Simply The Best Practices

By Malcolm Fleschner
Corporations today are all about encouraging best practices adoption, whether from part-time clerks toiling in the shipping department or frontline sales reps dealing with customers every day. Corporate executives figure that as long as employees are going to be engaging in practices anyway, why not shoot for the best, right?
The problem, says Joe Lethert, CEO of Performark, a Minneapolis-based incentive solutions provider, is that while many organizations promote the idea of best practices, too few think through how to motivate employees to genuinely adopt new behaviors in their day-to-day efforts. In sales, Lethert says, this problem typically manifests itself in misdirected rewards programs.
“The key is to recognize that you can’t manage results – you can only manage the behaviors that lead up to them,” he explains. “Yet many reward programs focus on results, which in a protracted, complex sale might be a long way out. So salespeople often lose sight of the reward at the end of the rainbow. That’s why it’s wise to keep the tasks leading up to the finish line constantly in front of them.”
Of course sales organizations first need to determine just what their best practices are. Thankfully this task does not require the investigative skills of Sherlock Holmes. Lethert says that when working with client organizations, he always conducts interviews with the top salespeople and their managers. Then, based on these discussions, he develops a step-by-step template for successful selling. From these steps, he says, he creates an activities-based program with corresponding rewards.
“Take the example of a manufacturer selling copiers to dealers and or distributors,” he says. “Once you know what the top people do, you can take that sales process and divide it into six parts, for example: 1 – target the right market; 2 – target the right accounts within that market; 3 – get an appointment with a decision maker; 4 – make a demonstration to the person who can sign a purchase order; 5 – follow up; 6 – make a sale. The idea in an activity-based program is to reward the first five steps with a relatively small prize – say $10 in points – and then give a big payoff when the sale is made.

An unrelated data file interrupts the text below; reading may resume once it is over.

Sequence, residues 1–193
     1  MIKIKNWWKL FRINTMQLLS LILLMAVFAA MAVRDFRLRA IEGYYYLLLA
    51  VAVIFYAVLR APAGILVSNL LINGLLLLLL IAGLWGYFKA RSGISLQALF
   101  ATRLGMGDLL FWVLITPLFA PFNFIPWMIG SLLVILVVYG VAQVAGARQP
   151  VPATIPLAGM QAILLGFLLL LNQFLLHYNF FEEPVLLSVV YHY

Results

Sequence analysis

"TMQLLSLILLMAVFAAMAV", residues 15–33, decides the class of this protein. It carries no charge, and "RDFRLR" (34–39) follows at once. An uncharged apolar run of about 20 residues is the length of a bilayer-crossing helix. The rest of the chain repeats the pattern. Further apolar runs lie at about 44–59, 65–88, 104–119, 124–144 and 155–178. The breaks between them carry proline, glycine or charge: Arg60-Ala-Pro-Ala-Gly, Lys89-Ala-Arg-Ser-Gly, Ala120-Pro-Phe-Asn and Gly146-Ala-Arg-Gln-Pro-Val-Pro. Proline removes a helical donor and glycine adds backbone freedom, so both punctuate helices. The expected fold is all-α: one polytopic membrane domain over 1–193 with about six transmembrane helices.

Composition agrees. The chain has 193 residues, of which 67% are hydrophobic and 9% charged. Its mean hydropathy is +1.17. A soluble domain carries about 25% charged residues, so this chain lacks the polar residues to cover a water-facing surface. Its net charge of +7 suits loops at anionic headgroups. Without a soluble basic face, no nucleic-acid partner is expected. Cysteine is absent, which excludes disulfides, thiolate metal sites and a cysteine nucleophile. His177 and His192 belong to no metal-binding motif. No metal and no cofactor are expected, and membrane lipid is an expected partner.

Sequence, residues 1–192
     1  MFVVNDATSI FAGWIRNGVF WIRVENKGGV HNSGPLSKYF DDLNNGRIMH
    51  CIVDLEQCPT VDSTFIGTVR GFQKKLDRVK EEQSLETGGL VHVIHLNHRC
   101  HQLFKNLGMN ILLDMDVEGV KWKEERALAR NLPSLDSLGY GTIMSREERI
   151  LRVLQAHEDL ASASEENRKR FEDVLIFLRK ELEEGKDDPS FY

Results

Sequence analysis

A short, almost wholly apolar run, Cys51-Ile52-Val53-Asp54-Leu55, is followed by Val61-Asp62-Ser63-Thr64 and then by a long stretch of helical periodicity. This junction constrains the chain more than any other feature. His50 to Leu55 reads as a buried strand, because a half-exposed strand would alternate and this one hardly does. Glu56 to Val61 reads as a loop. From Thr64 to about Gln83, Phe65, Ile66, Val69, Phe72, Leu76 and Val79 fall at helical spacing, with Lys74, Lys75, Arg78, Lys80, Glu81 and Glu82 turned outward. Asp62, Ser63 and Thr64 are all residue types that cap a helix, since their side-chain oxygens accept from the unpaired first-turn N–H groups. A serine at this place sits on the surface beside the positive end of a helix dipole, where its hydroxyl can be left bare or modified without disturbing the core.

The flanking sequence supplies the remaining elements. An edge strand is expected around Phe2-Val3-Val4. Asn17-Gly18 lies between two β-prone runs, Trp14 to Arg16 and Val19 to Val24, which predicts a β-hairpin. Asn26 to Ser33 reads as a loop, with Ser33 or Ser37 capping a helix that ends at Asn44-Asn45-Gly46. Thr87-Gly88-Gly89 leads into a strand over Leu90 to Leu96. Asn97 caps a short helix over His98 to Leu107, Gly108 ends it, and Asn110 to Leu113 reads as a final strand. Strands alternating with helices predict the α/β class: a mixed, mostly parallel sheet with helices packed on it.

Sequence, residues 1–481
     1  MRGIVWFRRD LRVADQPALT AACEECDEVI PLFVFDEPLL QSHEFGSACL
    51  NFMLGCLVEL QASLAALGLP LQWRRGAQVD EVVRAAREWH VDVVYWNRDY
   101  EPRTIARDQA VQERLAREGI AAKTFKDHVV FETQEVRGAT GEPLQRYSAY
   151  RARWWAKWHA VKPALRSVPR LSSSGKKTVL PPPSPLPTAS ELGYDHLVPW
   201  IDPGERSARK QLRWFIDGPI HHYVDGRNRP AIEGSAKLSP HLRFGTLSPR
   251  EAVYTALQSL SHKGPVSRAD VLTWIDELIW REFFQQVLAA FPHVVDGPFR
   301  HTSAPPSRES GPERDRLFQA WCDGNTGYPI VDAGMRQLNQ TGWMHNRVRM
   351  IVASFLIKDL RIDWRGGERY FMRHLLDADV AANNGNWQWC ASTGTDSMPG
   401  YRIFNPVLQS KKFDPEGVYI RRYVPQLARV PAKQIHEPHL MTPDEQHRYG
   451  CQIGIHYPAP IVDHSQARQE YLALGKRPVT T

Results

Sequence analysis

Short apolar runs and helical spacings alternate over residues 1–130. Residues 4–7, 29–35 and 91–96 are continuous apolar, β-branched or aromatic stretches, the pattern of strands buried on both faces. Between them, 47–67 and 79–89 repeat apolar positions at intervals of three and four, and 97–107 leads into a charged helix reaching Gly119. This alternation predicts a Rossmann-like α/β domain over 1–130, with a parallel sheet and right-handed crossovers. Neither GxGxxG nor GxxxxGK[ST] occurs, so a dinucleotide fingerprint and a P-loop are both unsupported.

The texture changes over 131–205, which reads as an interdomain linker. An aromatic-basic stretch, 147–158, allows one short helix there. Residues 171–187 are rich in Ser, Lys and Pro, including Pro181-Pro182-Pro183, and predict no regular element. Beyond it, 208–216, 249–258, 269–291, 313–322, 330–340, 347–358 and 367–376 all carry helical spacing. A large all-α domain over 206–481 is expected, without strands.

“Having traced the key steps leading up to the sale, from the lead to the conclusion, one thing that really stands out is the tremendous drop in close rates when people leave out a step. Yet a lot of salespeople honestly believe that skipping steps will get them to the sale faster, though that’s not the way it works. They need to learn that closing is something you earn, not something you do.”
Lethert says Performark also recommends getting top reps involved as mentors to coach their lower-performing colleagues on the sales staff. Programs even can include a small override as incentive for the mentors, he says. “The better their students perform, the more incentive is applied to the mentors’ noncash program,” he says.
Lethert adds that sales organizations also should pay close attention to the way they budget for best practices-related sales incentives. The cost of such programs should depend essentially on just how much behavior change you’re asking for from program participants.

“For budgeting you need to look at the average earnings of the people you’re trying to influence and the amount of time you have to get the job done. The key factor, however, is the difficulty of the task,” he explains. “Some things are really easy and don’t take a lot of effort – say you want sales reps to ask a question at the end of every call they make. Other things are more difficult – say you ask reps who have always taken a product selling approach to move to a system selling approach. The latter is a major change, he notes. You need to allow for substantial up-front costs to get the kind of behavior change needed to do business completely differently. If you don’t put enough money into it, you won’t make it happen.”